“Mushrooms are going to change the world.”
So says Darrell Wise, the founder and owner of Columbia Basin Shroomery here in Pasco, Washington. Columbia Basin Shroomery provides mushrooms to local restaurants and Community Supported Agriculture programs. They also sell mushrooms and mushroom kits from their farm located at the corner of Road 101 and Court Street in Pasco.
When Darrell first started cultivating mushrooms, he did so as a hobby, growing mushrooms for himself and his family out of the garage. Over the last two years, he’s expanded the business, converting outbuildings into an incubation stage, a grow lab, and a fruiting station. Each workspace is temperature controlled and CO2 and oxygen controlled, and the humidity is kept at optimum levels.
“When I started, I couldn't find anyone on the east side of the mountains growing culinary mushrooms,” says Darrell. “There are a few now, but when I started, I was the only person in Eastern Washington growing mushrooms.”
Columbia Basin Shroomery currently produces about 180 pounds of mushrooms per month. Around 35 pounds per week go to local restaurants and other local businesses, including Dovetail Joint, The Endive Eatery, Drumheller’s Food & Drink, and Local Pumpkin — a local company that ships fresh, local, and organic produce to homes and offices in the Tri-Cities. They all use fresh mushrooms from the Shroomery (some of them exclusively).
“The business keeps expanding,” says Darrell. “Everything I grow I sell, so I know it could still grow even more.”
Columbia Basin Shroomery encompasses four sides of the mushroom business: The grain spawn production, the recipe and substrate, the actual fruiting of the mushrooms, and the sale of items used by other mushroom hobbyists and businesses for production, such as autoclavable bags.
Darrell grows a lot of Blue, White Oyster, and King Trumpet mushrooms; he likes to focus on mushrooms that aren’t commonly found in grocery stores in the U.S. Most are packed in nitrogen and shipped from Asia, Once they’re here, they degrade quickly. Buying fresh, local mushrooms means that they’re only a few days from the farm to your plate. Darrell is also grateful to be working with small businesses. “The number one thing is local,” he says. “I love buying from and supporting local businesses.”
Apart from his focus on mushrooms that are less commonly found locally, Darrell also chooses to grow only pre-compost mushrooms, not post-compost grown mushrooms like portabellas, creminis, and button mushrooms. “The taste difference between my mushrooms and those post-compost mushrooms is immense,” says Darrell.
Although Darrell Wise’s work is mostly focused on culinary mushrooms, he grows a few varieties — like Lion’s Mane, Reshi, Maitake, and Turkey Tail — for medicinal purposes. He follows the work of Paul Stamets, an American mycologist and medicinal fungi advocate who does a lot of research on fungus and what it can do for the body.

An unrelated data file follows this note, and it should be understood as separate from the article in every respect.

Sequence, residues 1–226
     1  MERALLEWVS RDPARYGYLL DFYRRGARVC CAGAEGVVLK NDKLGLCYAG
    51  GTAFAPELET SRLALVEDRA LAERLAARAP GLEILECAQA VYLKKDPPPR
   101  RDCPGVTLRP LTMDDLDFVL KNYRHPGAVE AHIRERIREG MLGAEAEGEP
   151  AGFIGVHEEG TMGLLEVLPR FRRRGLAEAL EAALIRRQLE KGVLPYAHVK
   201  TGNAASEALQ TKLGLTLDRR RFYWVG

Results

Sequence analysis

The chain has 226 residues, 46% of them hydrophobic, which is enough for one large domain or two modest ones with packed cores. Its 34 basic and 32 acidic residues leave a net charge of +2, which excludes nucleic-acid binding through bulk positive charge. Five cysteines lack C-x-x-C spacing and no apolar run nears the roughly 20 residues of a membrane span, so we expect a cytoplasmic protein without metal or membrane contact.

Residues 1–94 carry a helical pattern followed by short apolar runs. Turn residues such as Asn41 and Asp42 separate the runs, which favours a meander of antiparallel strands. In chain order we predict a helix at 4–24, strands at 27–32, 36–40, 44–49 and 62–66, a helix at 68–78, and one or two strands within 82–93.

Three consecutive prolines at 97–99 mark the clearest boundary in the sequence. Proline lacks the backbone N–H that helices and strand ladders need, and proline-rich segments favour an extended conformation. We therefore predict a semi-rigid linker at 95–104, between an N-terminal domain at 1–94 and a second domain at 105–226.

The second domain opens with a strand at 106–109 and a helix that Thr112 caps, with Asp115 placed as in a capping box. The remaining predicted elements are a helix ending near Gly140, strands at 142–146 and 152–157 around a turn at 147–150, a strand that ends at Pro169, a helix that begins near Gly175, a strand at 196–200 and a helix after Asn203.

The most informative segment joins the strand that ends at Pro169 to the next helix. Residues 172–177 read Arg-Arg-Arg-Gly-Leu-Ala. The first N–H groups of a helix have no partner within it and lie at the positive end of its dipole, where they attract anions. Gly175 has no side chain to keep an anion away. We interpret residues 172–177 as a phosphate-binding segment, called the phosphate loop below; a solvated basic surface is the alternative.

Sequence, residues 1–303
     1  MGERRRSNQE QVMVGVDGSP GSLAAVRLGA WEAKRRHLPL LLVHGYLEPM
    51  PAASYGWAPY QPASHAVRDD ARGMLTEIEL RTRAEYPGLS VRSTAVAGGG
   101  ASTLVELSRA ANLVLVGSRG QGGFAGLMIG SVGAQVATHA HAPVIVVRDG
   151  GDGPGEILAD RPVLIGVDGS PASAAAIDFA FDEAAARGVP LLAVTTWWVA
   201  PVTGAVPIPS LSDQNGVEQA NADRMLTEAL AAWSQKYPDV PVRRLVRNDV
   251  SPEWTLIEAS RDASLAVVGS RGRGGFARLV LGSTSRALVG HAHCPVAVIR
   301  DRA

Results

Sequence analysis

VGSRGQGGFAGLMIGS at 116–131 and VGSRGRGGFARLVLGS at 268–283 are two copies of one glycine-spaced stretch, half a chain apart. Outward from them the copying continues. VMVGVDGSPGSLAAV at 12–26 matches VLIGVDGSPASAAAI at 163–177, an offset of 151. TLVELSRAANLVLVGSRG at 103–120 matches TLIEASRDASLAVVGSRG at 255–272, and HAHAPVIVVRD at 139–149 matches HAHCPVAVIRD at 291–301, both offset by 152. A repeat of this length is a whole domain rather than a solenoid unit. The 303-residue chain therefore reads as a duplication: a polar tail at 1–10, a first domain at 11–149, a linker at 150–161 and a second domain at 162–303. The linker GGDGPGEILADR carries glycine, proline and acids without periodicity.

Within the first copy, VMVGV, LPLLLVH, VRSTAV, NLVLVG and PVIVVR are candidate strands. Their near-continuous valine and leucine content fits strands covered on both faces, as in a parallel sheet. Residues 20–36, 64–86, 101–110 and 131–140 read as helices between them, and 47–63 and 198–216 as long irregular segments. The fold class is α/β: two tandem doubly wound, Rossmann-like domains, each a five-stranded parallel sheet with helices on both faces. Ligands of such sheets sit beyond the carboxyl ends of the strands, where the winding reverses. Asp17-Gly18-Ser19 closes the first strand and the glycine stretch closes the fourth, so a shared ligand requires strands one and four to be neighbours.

Medicinal mushrooms cultivated at Columbia Basin Shroomery can be used in capsules and tinctures. Even culinary mushrooms have a positive effect on the body, Darrell says. “Mushrooms can help us heal, help boost the immune system, and more. If we ate more mushrooms, we would be so much healthier.” He says, “Mushrooms are massively understudied. There is so much we still don't know.”
Mushrooms can also replace beef. “A lot of vegans out there or vegetarians can replace a lot of animal protein with mushrooms,” Darrell says. “You can cook mushrooms a lot of different ways to give them a similar texture and flavor to meat. Mushroom jerky is phenomenal.” He adds that, even though he’s not a vegetarian, he completely supports plant-based diets. “I love mushrooms.”
Columbia Basin Shroomery supplies homegrow countertop grow kits to anyone interested in cultivating fresh mushrooms at home. Each kit starts as a block of hardwood and soybean hulls. Darrell mixes a recipe of grow medium and adds it to the block inside of a special autoclavable bag. The bag is put through the autoclave for about 30 hours to sterilize the mix.
After they are sterilized, the bags are taken to the ‘clean room’, which are fitted with special HEPA filters, and the bags are inoculated with grain spawn and sealed. Then, the bags sit on incubation racks for 21–30 days until they are ready to fruit. Darrell says he has instructions for anyone who wants to give growing a try. He says that some species are easier to manage than others, and that he does everything he can to help people be successful in their cultivation.
Columbia Basin Shroomery sells mushrooms by the pound from their farm on the corner of Road 101 and Court Street in Pasco. You can text Darrell with any questions at 360-305-6813.
Look for them at Tri-Cities Farmers Markets this year, too.
For home hobbyists, they will sell substrate (the grow medium), grain spawn, and spores to them. You can also purchase grow kits and fresh, gourmet mushrooms at Tri-Cities Garden Supply at 6030 West Clearwater in Kennewick.
Photos courtesy of Columbia Basin Shroomery.